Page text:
CST 415  Computer Networks  (4)                        Fall 2013

Lecture - MWF    
Section 1
2:00 - 3:00
OW 142

Lab - Th

   
Section 1
11:00 - 2:00
PV 120

Jim Long (PV 179;  885-1580)

Office Hours    
M,F
11:00 - 12:00
PV 179
W
1:00 - 2:00
PV 179

T,Th

10:00 - 11:00
PV 179

Email:
                          james.long@oit.edu

Catalog Description

A course in computer network theory and applications with a focus on the TCP/IP Protocol Suite.

Prerequisite Courses

CST 336  pass with a C or better.

Required Materials

Text Book:

Book Cover Internetworking With TCP/IP Volume 1: Principles Protocols, and Architecture, 5th edition, 2006. ISBN 0-13-187671-6

Philosophy

Computer based networking has become a dependency of our society Daily business operations are based on the exchange and modification of information over the Internet as a major pipeline for information flow. The sound understanding of this system is crucial to the development of computer systems, from the hardware layer up through the end user applications. This course will be an eye-opener where students will see the complexity and elegance of communication protocol as well as downfall and danger of open systems definition and development. Computer networks are necessary and dangerous. A firm foundation in networks and current implementations will advance computer development by allowing system development with networking and Internet aspects in mind.

Course Entry Requirements

  1. The student will have an understanding programming C++.
  2. The student will have an understanding of assembly language programming.
  3. The student will have an understanding of large scale software projects and a feeling for network technologies in enterprise scale software systems.

Course Overview and Objectives

CST 415 introduces the concepts of computer networking especially related to the TCP/IP standard and Internet related protocols. The different layers network communications will be explained and explored.  At the completion of this course, students will:

  1. Understand network topologies, communication protocol layering and the use of layering to bridge heterogeneous protocol networks.
  2. Understand the layers of the ISO OSI protocol stack and the mapping of the TCP/IP protocol into the OSI 7-Layer model.
  3. Understand issues related to addressing at the different protocol layers and understand the use in addressing in different routing techniques.
  4. Understand different networking topologies and the application of networking standards in the different topologies.
  5. Understand routing algorithms and the application of different routing paradigms at network boundaries and internal networking structures.
  6. Understand the internal operations of the TCP/IP protocol suite.
  7. Be able to identify packets as captured raw on a network connection.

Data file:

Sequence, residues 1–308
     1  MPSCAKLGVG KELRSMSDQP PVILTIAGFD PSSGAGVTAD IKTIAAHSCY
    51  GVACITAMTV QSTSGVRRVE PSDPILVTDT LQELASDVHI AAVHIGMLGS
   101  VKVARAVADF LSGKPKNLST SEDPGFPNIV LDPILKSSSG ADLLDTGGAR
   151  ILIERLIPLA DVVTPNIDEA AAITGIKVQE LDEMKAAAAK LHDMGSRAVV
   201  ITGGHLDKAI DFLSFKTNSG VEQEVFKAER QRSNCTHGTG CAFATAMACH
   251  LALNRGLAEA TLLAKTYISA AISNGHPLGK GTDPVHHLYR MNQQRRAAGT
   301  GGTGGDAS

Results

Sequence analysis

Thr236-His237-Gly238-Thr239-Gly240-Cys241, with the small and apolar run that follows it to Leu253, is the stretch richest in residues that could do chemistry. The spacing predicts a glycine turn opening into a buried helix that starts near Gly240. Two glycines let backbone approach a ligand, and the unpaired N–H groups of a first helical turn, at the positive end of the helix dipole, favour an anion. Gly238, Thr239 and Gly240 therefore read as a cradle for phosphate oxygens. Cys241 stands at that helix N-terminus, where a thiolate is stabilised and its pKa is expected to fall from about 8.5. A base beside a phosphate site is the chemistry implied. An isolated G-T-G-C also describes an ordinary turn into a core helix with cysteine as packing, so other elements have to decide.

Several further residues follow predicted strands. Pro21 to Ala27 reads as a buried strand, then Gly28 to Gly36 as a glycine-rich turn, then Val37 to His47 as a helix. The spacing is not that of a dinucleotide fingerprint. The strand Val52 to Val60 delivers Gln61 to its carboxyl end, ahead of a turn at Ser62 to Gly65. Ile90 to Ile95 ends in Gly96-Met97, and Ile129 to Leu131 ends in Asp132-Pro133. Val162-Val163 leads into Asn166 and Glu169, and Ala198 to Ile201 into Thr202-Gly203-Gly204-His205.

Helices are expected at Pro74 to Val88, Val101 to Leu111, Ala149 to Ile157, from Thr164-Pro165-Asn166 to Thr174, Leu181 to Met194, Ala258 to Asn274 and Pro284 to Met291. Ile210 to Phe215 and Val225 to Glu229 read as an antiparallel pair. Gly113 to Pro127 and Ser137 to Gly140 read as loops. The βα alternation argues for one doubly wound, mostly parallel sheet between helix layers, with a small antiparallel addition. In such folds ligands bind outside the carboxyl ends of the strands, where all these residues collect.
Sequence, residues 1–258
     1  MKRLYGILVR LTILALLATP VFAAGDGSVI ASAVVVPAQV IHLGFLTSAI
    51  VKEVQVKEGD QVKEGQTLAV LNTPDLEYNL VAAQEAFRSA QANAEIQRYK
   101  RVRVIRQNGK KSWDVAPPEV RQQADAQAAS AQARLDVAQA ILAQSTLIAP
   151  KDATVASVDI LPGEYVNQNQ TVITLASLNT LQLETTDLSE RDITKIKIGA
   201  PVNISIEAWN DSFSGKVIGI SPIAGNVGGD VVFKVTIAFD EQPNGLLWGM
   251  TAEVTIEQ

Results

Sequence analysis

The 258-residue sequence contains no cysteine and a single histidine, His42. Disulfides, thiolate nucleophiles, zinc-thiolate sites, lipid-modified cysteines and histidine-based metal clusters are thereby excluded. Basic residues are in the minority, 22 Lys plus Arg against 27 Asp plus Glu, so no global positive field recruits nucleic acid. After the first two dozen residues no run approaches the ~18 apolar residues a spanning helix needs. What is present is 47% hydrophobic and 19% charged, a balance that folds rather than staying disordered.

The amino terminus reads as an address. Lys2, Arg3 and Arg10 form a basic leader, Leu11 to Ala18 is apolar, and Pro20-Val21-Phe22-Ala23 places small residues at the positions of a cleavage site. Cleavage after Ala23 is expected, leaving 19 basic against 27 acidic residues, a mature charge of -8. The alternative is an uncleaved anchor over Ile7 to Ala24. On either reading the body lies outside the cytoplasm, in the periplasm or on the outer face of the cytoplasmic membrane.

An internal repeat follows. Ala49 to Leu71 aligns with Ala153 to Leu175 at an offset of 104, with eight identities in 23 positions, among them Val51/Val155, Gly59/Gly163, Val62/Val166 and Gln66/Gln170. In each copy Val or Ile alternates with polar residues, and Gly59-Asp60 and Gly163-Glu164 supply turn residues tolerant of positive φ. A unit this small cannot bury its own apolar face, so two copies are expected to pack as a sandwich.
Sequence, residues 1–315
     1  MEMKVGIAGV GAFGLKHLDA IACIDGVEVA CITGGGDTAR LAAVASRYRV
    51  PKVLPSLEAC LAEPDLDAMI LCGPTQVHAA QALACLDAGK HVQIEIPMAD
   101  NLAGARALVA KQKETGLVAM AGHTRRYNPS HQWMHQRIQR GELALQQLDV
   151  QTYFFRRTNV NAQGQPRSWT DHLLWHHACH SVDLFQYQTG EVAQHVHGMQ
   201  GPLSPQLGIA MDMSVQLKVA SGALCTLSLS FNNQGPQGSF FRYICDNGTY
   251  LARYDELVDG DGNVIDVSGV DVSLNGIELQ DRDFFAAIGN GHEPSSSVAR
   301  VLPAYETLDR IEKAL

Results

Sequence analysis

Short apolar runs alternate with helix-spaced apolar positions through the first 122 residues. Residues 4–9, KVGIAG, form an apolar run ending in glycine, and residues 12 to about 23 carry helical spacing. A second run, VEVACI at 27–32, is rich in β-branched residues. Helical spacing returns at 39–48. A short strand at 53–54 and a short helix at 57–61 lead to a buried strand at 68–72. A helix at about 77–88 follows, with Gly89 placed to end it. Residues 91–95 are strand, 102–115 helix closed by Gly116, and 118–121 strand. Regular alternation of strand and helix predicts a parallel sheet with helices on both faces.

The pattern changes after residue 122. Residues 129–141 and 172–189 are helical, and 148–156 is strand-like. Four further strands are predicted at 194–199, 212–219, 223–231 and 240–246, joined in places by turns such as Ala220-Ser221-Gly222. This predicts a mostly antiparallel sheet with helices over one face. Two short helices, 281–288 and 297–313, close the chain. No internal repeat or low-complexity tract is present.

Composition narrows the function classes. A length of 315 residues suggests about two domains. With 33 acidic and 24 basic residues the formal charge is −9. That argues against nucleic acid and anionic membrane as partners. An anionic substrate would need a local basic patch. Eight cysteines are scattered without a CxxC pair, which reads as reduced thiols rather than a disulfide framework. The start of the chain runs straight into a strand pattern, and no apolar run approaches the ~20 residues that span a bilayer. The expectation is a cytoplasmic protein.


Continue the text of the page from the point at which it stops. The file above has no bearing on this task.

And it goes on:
8. Be able to apply programming constructs to capture, analyze, construct and transmit network packets.
  9. Be able to perform simple network address analysis and identify addressing components in a heterogeneous network environment.
  10. Be able to research and understand typical network standards documents for use in networking problem solving and network traffic analysis.

Assignment Grading Policy

Every student is responsible for all information contained in the assigned reading material. Questions for exams will be taken from the text material, lecture notes, handouts, homework assignments, and laboratory exercises. Students should attend all class sessions. Homework will be handed in electronically and is due by midnight of the due date. Programming assignments must be received in a format that can be easily used by the professor and/or grading assistants.  IT IS THE RESPONSIBILITY OF THE STUDENT TO MAKE SURE ALL ASSIGNMENTS TURNED IN ARE ACCOUNTED FOR AND GRADED. If there are any circumstances related to the due date of assignments, turn assignments in early rather than late. Students must attend the lab to receive credit for in-lab exercises.


Programs will be graded on:
1.        Code style, format, organization, delivery                 25%
2.        Documentation                                                        25%
3.        Proper Execution                                                     50%

Code that has no documentation or has not been modularized will receive a "0" as an overall score.


Homework hand-in requirements:
All handed-in homework must be sent in the following format:

    1. Zip up all .asm, .c, .cpp, .h, .dsw, and .dsp or make files, etc. required to build the project..
    2. In the archive, also include a readme file that lists all files included in the archive with a brief description of each file. The readme file should also contain installation instructions and instructions for running the program.
    3. The archive should also include any other deliverables as called out in the homework assignment write-up (e.g. design documents, project write-ups, etc.).
    4. The archive will be attached to an email with subject line:

CST415 HW Assignment #x  first name and last name of team members.
Late assignments will not be accepted unless approved in advance by the instructor.

Point Breakdown:

Exams/Assignments    
 

Midterm #1

100
  Midterm #2
100
  HW Questions
100
  Final
200
Labs and Programming
 

  Ethernet Frame
100
  IP Packet
100
  ARP Packet
100
  ICMP Packet
100
  UDP Packet
100
  Final Deliverable
100
Participation
 
75
Total:
 
1175

 

Performance Evaluation

Your grade will be based on percentage of total points possible:

<= 90%
A
80% <= x < 90%
B
70% <= x < 80%
C
60% <= x < 70%
D
x < 60%
F

Any student with a disability who anticipates a need for accommodation in this course is
encouraged to talk with the instructor about his/her needs as soon as possible.